There are different ways that TOR can be accessed and used. The TOR Browser Bundle has a self-contained browser, called Aurora that allows you to utilize the TOR network without installing any software. This browser is operating system independent and can even be run off a USB device or DVD. Firefox has a plugin, FoxTor, which makes it easy for a user to connect to the TOR network and browse the Internet. Both Chrome and Firebox has plugins that allow you to switch your user agent string. You can set any value you desire.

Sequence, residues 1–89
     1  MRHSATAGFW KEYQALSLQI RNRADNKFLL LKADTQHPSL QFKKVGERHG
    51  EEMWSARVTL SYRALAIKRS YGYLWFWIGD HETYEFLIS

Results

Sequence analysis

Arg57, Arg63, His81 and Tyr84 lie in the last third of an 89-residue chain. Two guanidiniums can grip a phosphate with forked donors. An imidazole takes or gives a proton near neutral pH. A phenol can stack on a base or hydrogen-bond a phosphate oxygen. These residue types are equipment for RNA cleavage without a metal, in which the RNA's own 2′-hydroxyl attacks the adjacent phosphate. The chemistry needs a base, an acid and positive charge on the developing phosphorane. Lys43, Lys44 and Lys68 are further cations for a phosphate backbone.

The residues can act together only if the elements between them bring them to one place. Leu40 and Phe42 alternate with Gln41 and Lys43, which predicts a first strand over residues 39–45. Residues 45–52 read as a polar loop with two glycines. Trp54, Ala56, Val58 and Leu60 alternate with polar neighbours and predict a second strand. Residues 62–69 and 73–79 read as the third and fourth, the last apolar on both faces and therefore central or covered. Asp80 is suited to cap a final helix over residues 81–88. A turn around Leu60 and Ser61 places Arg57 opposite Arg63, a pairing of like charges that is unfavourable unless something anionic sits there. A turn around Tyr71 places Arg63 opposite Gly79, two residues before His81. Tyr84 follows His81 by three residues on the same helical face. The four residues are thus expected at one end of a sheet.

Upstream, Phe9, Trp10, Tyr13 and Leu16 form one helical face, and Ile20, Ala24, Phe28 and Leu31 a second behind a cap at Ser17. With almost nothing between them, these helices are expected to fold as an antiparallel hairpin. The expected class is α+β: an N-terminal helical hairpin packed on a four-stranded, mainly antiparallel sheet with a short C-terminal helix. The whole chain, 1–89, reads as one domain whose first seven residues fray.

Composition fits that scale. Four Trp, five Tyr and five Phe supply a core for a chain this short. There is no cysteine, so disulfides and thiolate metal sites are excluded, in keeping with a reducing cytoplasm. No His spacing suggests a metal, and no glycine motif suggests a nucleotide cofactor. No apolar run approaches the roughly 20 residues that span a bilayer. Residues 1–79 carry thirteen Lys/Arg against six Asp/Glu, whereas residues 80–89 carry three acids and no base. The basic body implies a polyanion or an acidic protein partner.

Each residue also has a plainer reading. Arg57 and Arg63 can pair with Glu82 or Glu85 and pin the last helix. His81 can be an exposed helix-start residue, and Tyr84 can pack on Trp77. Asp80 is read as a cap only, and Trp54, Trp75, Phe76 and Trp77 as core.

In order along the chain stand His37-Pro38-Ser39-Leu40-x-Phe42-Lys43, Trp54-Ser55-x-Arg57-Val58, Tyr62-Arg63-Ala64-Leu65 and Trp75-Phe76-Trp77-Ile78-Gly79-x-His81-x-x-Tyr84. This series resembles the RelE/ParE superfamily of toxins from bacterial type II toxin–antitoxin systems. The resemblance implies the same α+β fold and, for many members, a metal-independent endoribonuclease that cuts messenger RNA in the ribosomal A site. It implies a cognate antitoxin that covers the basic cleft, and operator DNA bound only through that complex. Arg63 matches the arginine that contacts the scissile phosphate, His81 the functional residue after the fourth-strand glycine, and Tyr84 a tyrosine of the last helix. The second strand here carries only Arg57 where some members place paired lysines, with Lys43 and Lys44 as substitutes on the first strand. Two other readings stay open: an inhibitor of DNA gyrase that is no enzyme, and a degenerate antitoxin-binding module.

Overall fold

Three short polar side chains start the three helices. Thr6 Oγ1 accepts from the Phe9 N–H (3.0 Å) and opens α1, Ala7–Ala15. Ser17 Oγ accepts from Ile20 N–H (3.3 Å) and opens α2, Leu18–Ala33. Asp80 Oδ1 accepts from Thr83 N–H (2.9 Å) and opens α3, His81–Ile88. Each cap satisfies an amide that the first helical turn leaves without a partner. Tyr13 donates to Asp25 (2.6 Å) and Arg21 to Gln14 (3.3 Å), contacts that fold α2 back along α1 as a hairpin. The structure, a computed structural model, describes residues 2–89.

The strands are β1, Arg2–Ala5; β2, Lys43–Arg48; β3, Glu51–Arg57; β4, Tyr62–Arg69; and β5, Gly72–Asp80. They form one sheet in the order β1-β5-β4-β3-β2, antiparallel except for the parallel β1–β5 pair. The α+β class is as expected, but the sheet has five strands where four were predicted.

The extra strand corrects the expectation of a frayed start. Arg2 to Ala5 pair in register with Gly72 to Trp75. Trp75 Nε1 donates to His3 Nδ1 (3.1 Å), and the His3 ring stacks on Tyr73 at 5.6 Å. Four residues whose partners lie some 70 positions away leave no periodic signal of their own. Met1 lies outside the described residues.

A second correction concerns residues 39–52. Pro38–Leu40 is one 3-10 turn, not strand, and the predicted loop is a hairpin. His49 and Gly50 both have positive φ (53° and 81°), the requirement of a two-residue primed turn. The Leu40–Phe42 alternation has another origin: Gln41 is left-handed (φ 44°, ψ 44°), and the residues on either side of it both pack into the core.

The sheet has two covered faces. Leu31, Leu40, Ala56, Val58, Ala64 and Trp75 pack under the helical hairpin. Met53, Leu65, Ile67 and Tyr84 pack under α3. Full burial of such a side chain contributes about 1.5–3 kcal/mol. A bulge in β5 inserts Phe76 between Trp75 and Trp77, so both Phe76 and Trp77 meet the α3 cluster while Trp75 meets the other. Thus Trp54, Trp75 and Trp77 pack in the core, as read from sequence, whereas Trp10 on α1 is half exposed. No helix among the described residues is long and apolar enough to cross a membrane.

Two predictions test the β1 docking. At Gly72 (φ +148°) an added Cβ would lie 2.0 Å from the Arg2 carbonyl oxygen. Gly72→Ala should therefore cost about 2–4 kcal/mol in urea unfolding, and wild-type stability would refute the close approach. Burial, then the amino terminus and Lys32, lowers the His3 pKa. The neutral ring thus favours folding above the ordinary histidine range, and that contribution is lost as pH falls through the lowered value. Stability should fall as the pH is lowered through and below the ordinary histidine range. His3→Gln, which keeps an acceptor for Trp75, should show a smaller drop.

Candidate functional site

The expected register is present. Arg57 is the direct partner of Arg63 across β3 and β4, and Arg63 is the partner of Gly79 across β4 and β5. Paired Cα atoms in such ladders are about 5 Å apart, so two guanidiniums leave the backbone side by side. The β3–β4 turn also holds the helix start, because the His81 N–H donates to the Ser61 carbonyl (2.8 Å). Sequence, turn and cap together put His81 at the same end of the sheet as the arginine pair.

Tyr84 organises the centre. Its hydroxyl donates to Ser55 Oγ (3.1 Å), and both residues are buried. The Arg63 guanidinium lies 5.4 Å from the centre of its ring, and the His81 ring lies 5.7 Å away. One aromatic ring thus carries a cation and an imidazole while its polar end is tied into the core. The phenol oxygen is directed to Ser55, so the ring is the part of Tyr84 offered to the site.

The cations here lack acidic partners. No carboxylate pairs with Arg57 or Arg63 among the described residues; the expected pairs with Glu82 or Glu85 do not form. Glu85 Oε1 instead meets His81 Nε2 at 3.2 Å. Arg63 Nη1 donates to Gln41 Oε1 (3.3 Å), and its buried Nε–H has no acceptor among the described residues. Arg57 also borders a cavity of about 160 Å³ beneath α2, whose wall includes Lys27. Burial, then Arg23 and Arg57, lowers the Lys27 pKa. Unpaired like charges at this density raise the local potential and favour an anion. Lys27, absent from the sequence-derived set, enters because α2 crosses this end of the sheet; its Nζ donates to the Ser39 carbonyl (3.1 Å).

Mark Wade is the Vice President of EdgePoint Security, LLC. In past careers Mark has performed digital forensics for a Federal Law Enforcement agency as a government contractor. The forensic work performed was investigating computer and network intrusion, user profiling, and various other Internet investigations. Other prior work included computer/network security for the past twelve years with specific focus in penetration testing, IDS and firewall management, incident response, and malware analysis. EdgePoint Forensics specializes in computer and network forensics, Operational Investigative Support for cyber crime, and computer forensics training. www.edgepointsecurity.com; firstname.lastname@example.org